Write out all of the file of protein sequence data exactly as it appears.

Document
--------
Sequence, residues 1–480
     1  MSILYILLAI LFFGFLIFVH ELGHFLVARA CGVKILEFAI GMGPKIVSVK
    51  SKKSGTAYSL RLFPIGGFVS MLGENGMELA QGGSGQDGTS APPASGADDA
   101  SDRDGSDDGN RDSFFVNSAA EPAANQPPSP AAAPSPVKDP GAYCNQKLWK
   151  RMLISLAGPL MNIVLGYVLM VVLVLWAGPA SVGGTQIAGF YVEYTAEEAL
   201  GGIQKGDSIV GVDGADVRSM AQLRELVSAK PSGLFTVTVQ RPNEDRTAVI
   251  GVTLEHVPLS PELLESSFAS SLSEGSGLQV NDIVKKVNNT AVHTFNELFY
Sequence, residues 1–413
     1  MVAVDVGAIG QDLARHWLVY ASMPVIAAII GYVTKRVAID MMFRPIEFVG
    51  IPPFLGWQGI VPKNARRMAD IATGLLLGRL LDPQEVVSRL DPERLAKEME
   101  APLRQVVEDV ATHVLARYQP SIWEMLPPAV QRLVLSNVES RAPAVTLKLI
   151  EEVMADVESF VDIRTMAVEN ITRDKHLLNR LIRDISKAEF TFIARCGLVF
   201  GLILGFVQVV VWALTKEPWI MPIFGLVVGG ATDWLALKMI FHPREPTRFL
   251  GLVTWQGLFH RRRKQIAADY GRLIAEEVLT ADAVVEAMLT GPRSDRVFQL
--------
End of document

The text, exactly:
Sequence, residues 1–480
     1  MSILYILLAI LFFGFLIFVH ELGHFLVARA CGVKILEFAI GMGPKIVSVK
    51  SKKSGTAYSL RLFPIGGFVS MLGENGMELA QGGSGQDGTS APPASGADDA
   101  SDRDGSDDGN RDSFFVNSAA EPAANQPPSP AAAPSPVKDP GAYCNQKLWK
   151  RMLISLAGPL MNIVLGYVLM VVLVLWAGPA SVGGTQIAGF YVEYTAEEAL
   201  GGIQKGDSIV GVDGADVRSM AQLRELVSAK PSGLFTVTVQ RPNEDRTAVI
   251  GVTLEHVPLS PELLESSFAS SLSEGSGLQV NDIVKKVNNT AVHTFNELFY
Sequence, residues 1–413
     1  MVAVDVGAIG QDLARHWLVY ASMPVIAAII GYVTKRVAID MMFRPIEFVG
    51  IPPFLGWQGI VPKNARRMAD IATGLLLGRL LDPQEVVSRL DPERLAKEME
   101  APLRQVVEDV ATHVLARYQP SIWEMLPPAV QRLVLSNVES RAPAVTLKLI
   151  EEVMADVESF VDIRTMAVEN ITRDKHLLNR LIRDISKAEF TFIARCGLVF
   201  GLILGFVQVV VWALTKEPWI MPIFGLVVGG ATDWLALKMI FHPREPTRFL
   251  GLVTWQGLFH RRRKQIAADY GRLIAEEVLT ADAVVEAMLT GPRSDRVFQL